Retinal Device May Help Improve Diagnosis of Schizophrenia
A portable device which records electrical activity from the retina may help improve the diagnosis, treatment, and monitoring of schizophrenia, researchers say.
A Rutgers University study, published in the Journal of Abnormal Psychology, used the RETeval device to compare the electrical activity in the retinas of 25 people with schizophrenia and 25 people with no diagnosed psychiatric disorder. Prior studies have shown that people with schizophrenia have abnormal electrical activity in the retina.
Electrical activity was recorded using a tiny skin electrode under the eye while participants looked at flashing lights in varying conditions. Most tests took less than 2 minutes.
The device “accurately indicated reduced electrical activity in the retina in multiple cell layers in the participants who had schizophrenia, including in cell types that had not been studied before in this disorder,” Rutgers reported in a press release.
Lead author Docia Demmin, a graduate assistant in the Division of Schizophrenia Research at Rutgers University Behavioral Health Care (UBHC), cautioned it is too soon to call the device a diagnostic tool.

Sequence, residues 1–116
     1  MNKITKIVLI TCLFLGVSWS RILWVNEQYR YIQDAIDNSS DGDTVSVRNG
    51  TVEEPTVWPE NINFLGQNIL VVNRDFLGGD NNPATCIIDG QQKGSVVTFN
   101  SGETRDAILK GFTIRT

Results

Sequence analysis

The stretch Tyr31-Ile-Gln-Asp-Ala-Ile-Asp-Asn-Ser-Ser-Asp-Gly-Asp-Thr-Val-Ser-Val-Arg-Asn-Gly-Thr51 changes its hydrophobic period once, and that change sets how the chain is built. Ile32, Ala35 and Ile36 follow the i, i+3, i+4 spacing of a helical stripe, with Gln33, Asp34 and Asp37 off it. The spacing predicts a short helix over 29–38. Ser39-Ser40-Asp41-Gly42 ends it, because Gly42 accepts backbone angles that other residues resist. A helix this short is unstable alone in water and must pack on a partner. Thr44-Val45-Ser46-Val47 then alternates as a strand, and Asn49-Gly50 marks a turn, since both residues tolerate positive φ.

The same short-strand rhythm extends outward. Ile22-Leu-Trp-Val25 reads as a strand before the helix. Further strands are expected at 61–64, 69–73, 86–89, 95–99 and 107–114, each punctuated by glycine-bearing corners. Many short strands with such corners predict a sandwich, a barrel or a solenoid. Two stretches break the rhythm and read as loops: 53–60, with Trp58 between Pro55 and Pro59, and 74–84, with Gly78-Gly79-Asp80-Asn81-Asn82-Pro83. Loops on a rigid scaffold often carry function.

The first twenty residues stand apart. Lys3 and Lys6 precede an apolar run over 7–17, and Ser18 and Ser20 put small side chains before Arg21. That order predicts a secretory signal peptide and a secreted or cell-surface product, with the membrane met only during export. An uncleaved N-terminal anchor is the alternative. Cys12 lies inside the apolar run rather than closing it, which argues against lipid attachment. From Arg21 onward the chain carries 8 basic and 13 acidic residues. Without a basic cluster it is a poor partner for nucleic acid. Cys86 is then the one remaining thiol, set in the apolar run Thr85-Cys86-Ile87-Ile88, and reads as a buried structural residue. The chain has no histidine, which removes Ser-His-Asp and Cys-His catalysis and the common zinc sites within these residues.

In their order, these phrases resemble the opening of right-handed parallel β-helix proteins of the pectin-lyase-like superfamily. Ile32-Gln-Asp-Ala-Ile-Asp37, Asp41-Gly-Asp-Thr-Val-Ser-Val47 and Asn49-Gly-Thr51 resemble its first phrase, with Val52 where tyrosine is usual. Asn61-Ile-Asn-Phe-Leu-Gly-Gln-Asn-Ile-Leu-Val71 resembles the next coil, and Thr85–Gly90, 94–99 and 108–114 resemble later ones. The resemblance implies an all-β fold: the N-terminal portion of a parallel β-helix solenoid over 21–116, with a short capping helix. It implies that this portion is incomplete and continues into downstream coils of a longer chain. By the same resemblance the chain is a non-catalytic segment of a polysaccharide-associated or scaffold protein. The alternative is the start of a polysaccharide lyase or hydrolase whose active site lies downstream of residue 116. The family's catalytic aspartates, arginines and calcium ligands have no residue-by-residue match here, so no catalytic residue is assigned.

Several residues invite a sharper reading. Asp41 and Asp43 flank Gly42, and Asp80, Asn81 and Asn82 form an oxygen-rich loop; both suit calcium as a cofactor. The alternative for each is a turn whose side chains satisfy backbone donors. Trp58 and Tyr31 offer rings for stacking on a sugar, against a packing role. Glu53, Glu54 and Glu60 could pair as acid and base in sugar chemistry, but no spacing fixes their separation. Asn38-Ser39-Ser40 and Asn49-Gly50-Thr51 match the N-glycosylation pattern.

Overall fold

“However, since every prior study has found that people with schizophrenia exhibit reduced retinal wave forms and slowed retinal responses, our research shows that we closing in on an accurate test that is faster, less invasive, inexpensive and more accessible to patients,” said Demmin, who is also a doctoral student in the Rutgers Department of Psychology.
Study designer Steven Silverstein, PhD, professor of psychiatry at Rutgers Robert Wood Johnson Medical School and director of research at Rutgers UBHC, said he and other researchers are investigating whether changes in the retina are connected with the changes in brain structure and function found in schizophrenia.
“Since the retina is part of the nervous system, what is happening in the retina is likely reflective of what is occurring in the brain,” Silverstein said.